(Redirected from Economy of Pakistan)
The Islamic Republic of Pakistan is a country in South Asia, marking the region where South Asia converges with Central Asia and the Middle East. It is the sixth most heavily populated country in the world.
- [Pakistan is] the most allied ally in Asia.
- I fully understand the men behind Al Qaeda. They have tried to assassinate me twice before. The Pakistan Peoples Party and I represent everything they fear the most — moderation, democracy, equality for women, information, and technology. We represent the future of a modern Pakistan, a future that has no place in it for ignorance, intolerance, and terrorism.
The forces of moderation and democracy must, and will, prevail against extremism and dictatorship. I will not be intimidated. I will step out on the tarmac in Karachi not to complete a journey, but to begin one. Despite threats of death, I will not acquiesce to tyranny, but rather lead the fight against it.
- Pakistan was once called the most allied ally of the United States. We are now the most non-allied.
- Zulfikar Ali Bhutto, as quoted in The New York Times (6 July 1973)
- This is not a letter on Pakistan. If it were, I could have written a small book entitled "Glimpses of Pakistan's history". Time does not permit it. The nation is gripped in her worst crisis, standing in the middle of the road between survival and disintegration. Since the birth of Pakistan, crisis has followed crisis in rapid escalation. Millions of lives were sacrificed to create this country. Pakistan is said to be the dream of Mohammad Iqbal and the creation of Muhammad Ali Jinnah, the Quaid-e-Azam. Was anything wrong with the dream or with the one who made the dream come true? Opinions have differed and continue to differ. The next few years will most probably decide the issue, perhaps once and for all, and not without bloodshed. This process is not inevitable but the present policies of the ruling junta are driving this country towards a sad inevitability
- Zulfikar Ali Bhutto, letter to his daughter (1978), p. 37
- India got freedom on the condition that Muslims would be given Pakistan. Pakistan was created but many of the Muslims were not accepted in Pakistan so they returned to India.
- Ismat Chughtai, in "Letter to Shri Gangadharji", in Bisween Sadi Magazine
- There are deep problems in Pakistan - the economy is turning around, but not very fast; violence, sectarian violence, continues.
- You are free to go to your temples, you are free to go to your mosques or to any other place of worship in this State of Pakistan. You may belong to any religion or caste or creed. That has nothing to do with the business of the State.
- Presidential address to the first Constituent Assembly of Pakistan, Karachi (11 August 1947)
- The constitution of Pakistan has yet to be framed by the Pakistan Constituent Assembly. I do not know what the ultimate shape of this constitution is going to be, but I am sure that it will be of a democratic type, embodying the essential principle of Islam. Today, they are as applicable in actual life as they were 1,300 years ago. Islam and its idealism have taught us democracy. It has taught equality of man, justice and fairplay to everybody. We are the inheritors of these glorious traditions and are fully alive to our responsibilities and obligations as framers of the future constitution of Pakistan. In any case Pakistan is not going to be a theocratic State to be ruled by priests with a divine mission. We have many non-Muslims — Hindus, Christians, and Parsis — but they are all Pakistanis. They will enjoy the same rights and privileges as any other citizens and will play their rightful part in the affairs of Pakistan.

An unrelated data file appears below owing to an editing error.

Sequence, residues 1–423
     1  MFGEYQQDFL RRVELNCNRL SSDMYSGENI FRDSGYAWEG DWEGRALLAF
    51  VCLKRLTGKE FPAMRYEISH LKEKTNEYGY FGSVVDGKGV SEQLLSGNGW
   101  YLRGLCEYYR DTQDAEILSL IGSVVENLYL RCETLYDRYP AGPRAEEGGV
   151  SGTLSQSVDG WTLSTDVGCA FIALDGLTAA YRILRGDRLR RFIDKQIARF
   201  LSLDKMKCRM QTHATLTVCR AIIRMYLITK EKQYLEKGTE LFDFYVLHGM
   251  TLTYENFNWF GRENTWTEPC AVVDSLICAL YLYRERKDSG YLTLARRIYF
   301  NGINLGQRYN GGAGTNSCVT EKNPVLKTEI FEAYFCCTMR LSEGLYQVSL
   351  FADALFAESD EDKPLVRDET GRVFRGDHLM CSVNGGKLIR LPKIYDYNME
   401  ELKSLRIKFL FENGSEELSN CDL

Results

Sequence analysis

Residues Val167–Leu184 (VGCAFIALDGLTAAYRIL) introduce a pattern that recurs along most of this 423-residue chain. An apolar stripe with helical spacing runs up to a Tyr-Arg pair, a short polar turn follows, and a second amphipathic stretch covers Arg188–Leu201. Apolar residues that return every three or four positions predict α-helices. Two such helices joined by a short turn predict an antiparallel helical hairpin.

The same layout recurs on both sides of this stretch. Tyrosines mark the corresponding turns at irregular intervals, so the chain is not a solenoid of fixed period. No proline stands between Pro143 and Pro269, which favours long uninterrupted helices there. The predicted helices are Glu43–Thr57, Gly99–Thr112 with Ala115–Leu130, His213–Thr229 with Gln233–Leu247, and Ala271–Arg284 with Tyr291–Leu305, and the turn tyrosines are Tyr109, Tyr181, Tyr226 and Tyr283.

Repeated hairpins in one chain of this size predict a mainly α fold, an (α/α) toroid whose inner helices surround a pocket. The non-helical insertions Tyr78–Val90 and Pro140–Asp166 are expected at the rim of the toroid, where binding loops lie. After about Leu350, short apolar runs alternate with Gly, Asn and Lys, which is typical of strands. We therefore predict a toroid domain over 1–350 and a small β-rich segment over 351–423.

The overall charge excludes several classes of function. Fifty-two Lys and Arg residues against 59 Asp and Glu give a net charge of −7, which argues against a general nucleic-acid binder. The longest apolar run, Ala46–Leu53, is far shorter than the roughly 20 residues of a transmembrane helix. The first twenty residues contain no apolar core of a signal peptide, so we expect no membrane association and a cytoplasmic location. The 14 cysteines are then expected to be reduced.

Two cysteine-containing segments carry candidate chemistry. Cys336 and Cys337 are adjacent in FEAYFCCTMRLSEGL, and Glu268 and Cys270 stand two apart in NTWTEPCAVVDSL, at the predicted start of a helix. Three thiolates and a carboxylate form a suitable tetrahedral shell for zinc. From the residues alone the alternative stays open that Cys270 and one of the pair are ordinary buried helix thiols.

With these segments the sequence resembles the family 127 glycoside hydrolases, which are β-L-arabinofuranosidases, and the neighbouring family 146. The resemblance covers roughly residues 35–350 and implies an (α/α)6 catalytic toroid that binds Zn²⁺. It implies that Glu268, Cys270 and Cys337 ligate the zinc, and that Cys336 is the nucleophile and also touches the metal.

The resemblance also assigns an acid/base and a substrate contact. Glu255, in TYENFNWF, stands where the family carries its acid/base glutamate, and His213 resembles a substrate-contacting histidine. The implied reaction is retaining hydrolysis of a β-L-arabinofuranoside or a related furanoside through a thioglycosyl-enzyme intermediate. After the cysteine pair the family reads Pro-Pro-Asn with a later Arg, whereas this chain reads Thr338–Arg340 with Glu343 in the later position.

- Broadcast to the people of the United States of America on Pakistan (February 1948), as quoted in "Jinnah dreamt of a secular Pakistan" in New Religion (11 February 2013)
- Pakistan not only means freedom and independence but the Muslim Ideology which has to be preserved, which has come to us as a precious gift and treasure and which, we hope other will share with us.
- Muhammad Ali Jinnah (18 June 1945), in Speeches and Writings of Mr. Jinnah (1960), p. 175
- We have proclaimed that if the Government of Pakistan would work for our people and our country the Khudai Khidmatgars would be with them. I repeat that I am not for the destruction of Pakistan. In destruction lies no good. Neither Hindus nor Muslims, nor the Frontier, not Punjab, Bengal or Sindh stands to gain from it. There is advantage only in construction. I want to tell you categorically I will not support anybody in destruction. If any constructive programme is before you, if you want to do something constructive for our people, not in theory, but in practice, I declare before this House that I and my people are at your service?
- Khan Abdul Ghaffar Khan (February 1948) quoted in Khan Abdul Ghaffar Khan: A True Servant of Humanity by Girdhari Lal Puri pp -188 ? 190.
- What's happened recently in Pakistan, India and Kuwait only goes to show that it's futile to imitate Western democracy. They've ended up exactly where they started.
- Muhammad Reza Pahlavi, as quoted in Alam, Asadollah (1991), The Shah and I, I. B. Tauris, page 506
- It is commonly and, I believe, accurately said of Pakistan that her women are much more impressive than her men.
- Terrorize the jam like troops in Pakistan
Swingin through your town like your neighborhood Spiderman.
- [Pakistan] will be a steadfast partner…. A force for freedom and moderation in the Arab world.
- George W. Bush, televised speech in India, March 3, 2006; According to one news report, "White House spokesman Scott McClellan later had to explain aboard Air Force One en route to Pakistan that Bush meant to say 'Muslim world' — uncomfortably noting that Pakistan is not an Arab nation." "Bush's Pakistan visit not 'risk-free'", Chicago Tribune, March 3, 2006 (dead link).